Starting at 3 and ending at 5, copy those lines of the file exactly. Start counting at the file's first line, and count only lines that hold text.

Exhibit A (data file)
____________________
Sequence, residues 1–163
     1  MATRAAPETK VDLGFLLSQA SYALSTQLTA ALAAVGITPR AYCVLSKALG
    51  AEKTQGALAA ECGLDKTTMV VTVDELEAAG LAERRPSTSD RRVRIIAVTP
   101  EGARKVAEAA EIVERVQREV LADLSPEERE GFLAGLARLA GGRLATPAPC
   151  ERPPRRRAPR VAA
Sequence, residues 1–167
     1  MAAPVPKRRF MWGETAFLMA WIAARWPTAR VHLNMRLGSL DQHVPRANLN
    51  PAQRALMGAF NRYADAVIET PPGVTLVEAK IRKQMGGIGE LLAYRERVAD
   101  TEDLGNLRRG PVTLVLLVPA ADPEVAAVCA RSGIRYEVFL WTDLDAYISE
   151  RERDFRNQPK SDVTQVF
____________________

    51  AEKTQGALAA ECGLDKTTMV VTVDELEAAG LAERRPSTSD RRVRIIAVTP
   101  EGARKVAEAA EIVERVQREV LADLSPEERE GFLAGLARLA GGRLATPAPC
   151  ERPPRRRAPR VAA